… And then somehow life became too much.
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I didn’t know this woman, and this is nothing against her, but this is what hit home while reading all the messages: All of them were about her work for animals and how the rescue world has lost a great one.
So why do I think rescue work could be an addiction? Because it puts blinders on us. It becomes the most important thing and we push aside other important things. Our family feels neglected. Our homes may be neglected. Our work might suffer, as we are called away or interrupted from it multiple times a day. We often sit by ourselves, engulfed in something rescue-related, feeling like this is the most important thing in the world, and no one understands how we just have to do this. We love it. We go from success high to success high, always working toward the next one.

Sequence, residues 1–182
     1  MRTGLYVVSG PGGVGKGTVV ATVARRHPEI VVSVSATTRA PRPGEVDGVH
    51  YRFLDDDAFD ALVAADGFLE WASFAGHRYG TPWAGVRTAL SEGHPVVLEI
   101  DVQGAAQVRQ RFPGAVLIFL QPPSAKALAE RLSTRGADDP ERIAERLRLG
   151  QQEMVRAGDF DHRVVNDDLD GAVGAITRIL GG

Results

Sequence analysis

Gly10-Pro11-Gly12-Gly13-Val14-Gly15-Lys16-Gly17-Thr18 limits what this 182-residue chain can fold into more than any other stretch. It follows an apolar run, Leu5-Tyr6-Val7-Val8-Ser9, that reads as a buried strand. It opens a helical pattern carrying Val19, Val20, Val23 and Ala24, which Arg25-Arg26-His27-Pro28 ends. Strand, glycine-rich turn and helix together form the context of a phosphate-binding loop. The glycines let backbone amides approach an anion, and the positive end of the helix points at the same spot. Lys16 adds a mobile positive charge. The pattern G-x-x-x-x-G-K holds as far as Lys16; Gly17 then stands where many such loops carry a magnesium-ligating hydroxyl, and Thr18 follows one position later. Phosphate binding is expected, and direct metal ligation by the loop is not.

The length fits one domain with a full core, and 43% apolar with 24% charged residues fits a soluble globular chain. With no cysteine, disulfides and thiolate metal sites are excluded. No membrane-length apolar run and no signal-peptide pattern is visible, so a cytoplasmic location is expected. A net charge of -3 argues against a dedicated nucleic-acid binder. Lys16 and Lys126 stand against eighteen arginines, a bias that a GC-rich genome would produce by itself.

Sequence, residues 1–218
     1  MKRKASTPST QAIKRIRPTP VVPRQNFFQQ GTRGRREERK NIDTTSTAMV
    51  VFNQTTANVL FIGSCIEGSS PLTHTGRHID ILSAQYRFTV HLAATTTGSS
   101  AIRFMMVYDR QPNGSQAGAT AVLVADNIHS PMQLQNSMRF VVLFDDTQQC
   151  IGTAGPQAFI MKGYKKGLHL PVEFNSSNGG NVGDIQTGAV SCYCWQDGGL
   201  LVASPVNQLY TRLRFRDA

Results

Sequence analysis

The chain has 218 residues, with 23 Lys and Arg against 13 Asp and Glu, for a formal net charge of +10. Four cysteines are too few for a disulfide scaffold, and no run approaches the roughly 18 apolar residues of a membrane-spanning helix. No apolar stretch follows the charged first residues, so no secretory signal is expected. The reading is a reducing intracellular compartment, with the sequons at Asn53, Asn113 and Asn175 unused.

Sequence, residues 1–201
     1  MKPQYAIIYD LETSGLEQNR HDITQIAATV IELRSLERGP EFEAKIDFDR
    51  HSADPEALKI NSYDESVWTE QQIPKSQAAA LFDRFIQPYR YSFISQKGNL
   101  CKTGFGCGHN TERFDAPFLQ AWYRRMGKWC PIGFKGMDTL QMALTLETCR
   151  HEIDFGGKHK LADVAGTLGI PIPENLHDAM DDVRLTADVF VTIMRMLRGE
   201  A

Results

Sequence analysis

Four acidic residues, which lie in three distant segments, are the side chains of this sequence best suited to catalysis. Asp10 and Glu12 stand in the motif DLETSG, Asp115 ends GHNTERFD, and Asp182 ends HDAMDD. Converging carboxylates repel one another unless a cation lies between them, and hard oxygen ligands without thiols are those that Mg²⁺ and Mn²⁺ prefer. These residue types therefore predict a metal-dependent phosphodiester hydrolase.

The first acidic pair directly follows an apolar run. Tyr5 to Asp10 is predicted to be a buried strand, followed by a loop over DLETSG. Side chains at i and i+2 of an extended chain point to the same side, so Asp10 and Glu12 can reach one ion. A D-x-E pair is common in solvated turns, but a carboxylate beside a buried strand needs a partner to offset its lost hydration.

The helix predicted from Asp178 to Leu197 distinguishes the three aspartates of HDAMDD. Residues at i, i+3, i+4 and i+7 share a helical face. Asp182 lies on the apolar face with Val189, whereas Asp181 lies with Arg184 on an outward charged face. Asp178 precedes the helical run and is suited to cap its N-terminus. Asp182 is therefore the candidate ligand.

We may struggle to keep up appearances in the real world, downplaying how much we do when we talk to friends or co-workers. No one really knows how many hours we spend on this. If they found out, they’d think we were crazy, but we know we’re not, right? Because it’s so worth it.
But is it? At least, do we have to do it so much?
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When was the last time you got a pedicure or manicure? A haircut? A massage? Bought something nice for yourself? Took a vacation away from the grid, and enjoyed life for a while –- without any rescue work? Or even just had a whole weekend to yourself? How many of you go for walks, go to the gym, or just eat dinner with your family or partner and are completely present for that?
Rescue is important, there’s no doubt. The animals need us. All I’m saying is that we need to take care of ourselves and make sure we have lives outside of this. There are people out there who love us and want to spend time with us.
Animals are amazing, and so is saving them. But so are life experiences and family, friends and loving relationships. Find a balance. Take a break — and really take it. There will always be animals to save, but there is only one of you. Make sure YOU are happy.
Photo: Cataract rescue kitten by Shutterstock